Turkey – now the Purge

As the President of Turkey (Recep Tayyip Erdogan) and his leading supporters work through the response to the failed coup, it is becoming increasingly difficult to believe that the reprisals have anything to do with upholding the democratic process. When the most senior member of the 100 or so already accused of high treason, General Akin Ozturk, (General in charge of the Air-force until 2015) appeared in court he had visible signs of damage to his face and upper body. Since Turkey was already on Human Rights watch, that a senior respected officer should be treated in that way is unlikely to convince outside observers that Turkey under President Erdogan is moving in the right direction.  The sight of large flag waving groups of demonstrators with synchronized cries of “execute” is uncannily like German political rallies in the 1930s supporting another leader also apparently granted power by the political will of the people.

The huge number now under arrest or dismissed from key positions estimated at 45 000, gives the distinct impression that this is the President now using the coup as an excuse to get rid of potential opponents.  Visible evidence of torture simply encourages observers to conclude evidence obtained by such methods about any confession of coup collusion is invalid.

The officials so far sacked or detained include judges, generals, senior clerics, academics, governors and police officers. It is beyond credibility to believe that coup involvement was established for each of these in such a short time.  The suspicion of guilt by association with those influenced by Fethullah Gülen is similarly ironic – and all the more so when it is remembered that the Gulen movement was exploited by the President’s party when it was first elected.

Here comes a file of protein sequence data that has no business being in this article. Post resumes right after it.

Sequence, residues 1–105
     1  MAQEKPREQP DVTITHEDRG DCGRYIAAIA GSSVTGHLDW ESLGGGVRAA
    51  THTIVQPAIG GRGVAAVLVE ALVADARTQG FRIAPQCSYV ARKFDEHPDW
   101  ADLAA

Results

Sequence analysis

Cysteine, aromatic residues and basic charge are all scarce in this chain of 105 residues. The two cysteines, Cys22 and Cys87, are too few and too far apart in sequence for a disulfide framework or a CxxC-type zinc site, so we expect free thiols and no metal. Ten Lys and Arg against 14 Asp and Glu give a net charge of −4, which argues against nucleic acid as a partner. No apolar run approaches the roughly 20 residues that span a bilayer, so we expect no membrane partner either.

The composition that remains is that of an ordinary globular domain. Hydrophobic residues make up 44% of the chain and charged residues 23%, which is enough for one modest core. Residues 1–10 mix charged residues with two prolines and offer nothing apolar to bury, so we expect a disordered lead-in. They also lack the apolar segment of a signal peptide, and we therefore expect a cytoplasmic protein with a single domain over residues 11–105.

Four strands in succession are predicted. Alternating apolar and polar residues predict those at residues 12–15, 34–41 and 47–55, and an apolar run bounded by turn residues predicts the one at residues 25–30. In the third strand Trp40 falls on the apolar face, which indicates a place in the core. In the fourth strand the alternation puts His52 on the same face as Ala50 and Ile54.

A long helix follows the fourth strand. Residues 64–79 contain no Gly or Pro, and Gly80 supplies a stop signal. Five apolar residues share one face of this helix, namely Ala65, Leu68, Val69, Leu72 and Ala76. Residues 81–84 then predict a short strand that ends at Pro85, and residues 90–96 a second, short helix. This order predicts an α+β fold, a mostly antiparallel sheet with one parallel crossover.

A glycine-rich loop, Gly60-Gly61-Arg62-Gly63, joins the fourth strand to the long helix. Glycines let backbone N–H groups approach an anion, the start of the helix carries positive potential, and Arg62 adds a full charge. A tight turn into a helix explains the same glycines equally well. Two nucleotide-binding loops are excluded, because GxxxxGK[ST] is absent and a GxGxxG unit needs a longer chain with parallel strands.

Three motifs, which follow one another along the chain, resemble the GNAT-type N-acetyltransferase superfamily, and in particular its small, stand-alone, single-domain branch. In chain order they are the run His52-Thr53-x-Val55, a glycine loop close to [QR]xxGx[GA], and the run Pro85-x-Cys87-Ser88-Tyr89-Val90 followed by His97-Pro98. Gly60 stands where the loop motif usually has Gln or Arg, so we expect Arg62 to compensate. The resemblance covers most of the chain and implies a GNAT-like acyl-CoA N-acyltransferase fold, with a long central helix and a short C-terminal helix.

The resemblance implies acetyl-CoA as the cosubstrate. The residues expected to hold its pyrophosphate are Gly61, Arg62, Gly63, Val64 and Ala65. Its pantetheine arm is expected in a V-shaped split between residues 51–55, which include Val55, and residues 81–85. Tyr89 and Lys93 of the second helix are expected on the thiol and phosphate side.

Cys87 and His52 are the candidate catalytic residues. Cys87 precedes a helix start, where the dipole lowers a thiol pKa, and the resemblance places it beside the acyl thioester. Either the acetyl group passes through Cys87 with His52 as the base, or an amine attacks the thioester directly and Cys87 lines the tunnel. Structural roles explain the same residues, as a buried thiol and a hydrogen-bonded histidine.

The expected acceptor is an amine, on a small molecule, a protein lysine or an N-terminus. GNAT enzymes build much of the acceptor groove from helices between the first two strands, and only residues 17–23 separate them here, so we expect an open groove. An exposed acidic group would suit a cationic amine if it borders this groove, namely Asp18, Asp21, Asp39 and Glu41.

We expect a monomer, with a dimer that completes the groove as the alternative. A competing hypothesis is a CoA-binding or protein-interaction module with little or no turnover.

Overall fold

The following I note from the BBC:
6,000 military personnel have been arrested, with more than one hundred generals now awaiting trial
Many teachers and University Deans are amongst the 15,000 education staff who have been stood down
Nearly 9,000 police officers have been sacked
Close to 3,000 judges have been suspended
Some 1,500 employees of Turkey’s finance ministry have been dismissed
492 have been fired from the Religious Affairs Directorate
More than 250 staff in Prime Minister Yildirim’s office have been removed

Rather more puzzling is that there is now some evidence that Generals in the military had reported that the coup was imminent several hours before the action began. This then raises the suspicion that the Government may have even allowed the coup attempt to begin to provide the excuse to crush future potential Government opposition. Rather than an example of democracy being defended, the purge in aftermath of the coup has more hallmarks of an authoritarian, nationalistic regime in action.  With the fact that almost certainly a large number of those targeted by the authorities will have friends, family and supporters, it is unlikely that the potential for future disruption is going away any time soon.

This judgment appears shared by many observers in that despite the coup’s obvious failure, virtually all the Western nations have placed travel warnings to Turkey in place.

The huge and rapid change to staff in so many key institutions will almost certainly provide many future log jams in bureaucratic services at the very time the people of Turkey had been hoping to move towards economic and political stability.

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